Charles Lewington is Managing Director of hanover.
London 2012 is here. The hairline cracks in the M4 have been fixed, the strikes have been called off, the VIP ‘Zil’ lanes are open and the athletes have been trying out their new Stella McCartney uniforms.
In the corridors of power in Whitehall, there’s an unspoken hope that a successful games could help improve David Cameron’s reputation following a deluge of PR disasters. The last Budget was followed by so-many policy U-turns that commentators lost count, and the UK economy is sliding into a prolonged recession.
Sadly, there is little political precedent to suggest that incident-free sporting events can restore a politician’s fortunes.
The Sydney Olympics were globally acclaimed as super-slick but Prime Minister John Howard’s poll ratings crashed like a firework into the harbour when the Australian dollar hit a record low against the US dollar soon after.
George Bush’s popularity ratings steadily deteriorated after the Salt Lake City Winter Olympics in 2002 in the wake of foreign policy difficulties.
Any hopes that Angela Merkel had for a poll lift following the 2006 World Cup were dashed two months later when only 20% of Germans declared she was doing a good job. Even if Germany had won the tournament, concerns over reform agendas and healthcare would have taken precedence in the minds of voters.
Some voters have been positively ungrateful around Olympic time. Greece’s Pasok administration was chucked out three months before the Athens games in 2004 partly because of the public’s disenchantment at their preparations. Given the fact that ordinary Greeks are going to be picking up the £9.4 billion bill for the games for generations, maybe their verdict was a shrewd one.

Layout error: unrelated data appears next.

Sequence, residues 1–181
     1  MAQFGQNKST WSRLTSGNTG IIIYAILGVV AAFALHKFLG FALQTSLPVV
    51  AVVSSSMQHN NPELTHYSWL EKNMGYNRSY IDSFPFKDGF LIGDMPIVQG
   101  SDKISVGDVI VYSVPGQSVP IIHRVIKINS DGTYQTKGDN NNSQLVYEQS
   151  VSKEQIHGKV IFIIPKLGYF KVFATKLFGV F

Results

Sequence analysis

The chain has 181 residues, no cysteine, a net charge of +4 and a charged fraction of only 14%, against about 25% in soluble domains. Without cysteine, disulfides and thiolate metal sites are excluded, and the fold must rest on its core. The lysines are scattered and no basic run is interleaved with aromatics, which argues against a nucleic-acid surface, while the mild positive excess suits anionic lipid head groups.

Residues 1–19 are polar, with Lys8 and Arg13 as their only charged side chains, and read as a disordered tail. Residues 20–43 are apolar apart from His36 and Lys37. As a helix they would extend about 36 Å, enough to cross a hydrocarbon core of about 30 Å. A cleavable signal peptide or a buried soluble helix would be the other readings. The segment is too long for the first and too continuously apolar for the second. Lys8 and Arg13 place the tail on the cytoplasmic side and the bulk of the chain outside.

One of the few leaders to see a steady rise in popularity was President Clinton in 1996. His personal ratings reached a campaign high of 60% a month after the Atlanta games and he went on the win a second term in November. However, the Republican candidate Bob Dole was so poor that it is difficult to argue that it was the sporting effect ‘what won it.’
Could a record Team GB medal haul be the spark for an upturn in government popularity? Tax payers have invested millions into UK sport over the past 15 years and sporting success could be the ultimate vindication for the vast expense of hosting London 2012. According to Goldman Sachs research, host nations usually get a medal bump, but it will be hard to build on our unexpected fourh place in Beijing.
LOCOG and both this and the last Government have been wise to make the Olympic legacy a key selling point. Future plans for the arenas are underway, and UKTI intends to use them for business summits to promote trade and investment. A country’s commercial reputation abroad is often the biggest beneficiary, and the 2010 World Cup prompted a major shift in perception about South Africa as a place for doing business.
If the games do go smoothly it is possible that the Government will regain some of its reputation for competence. But it’s a big ‘if.’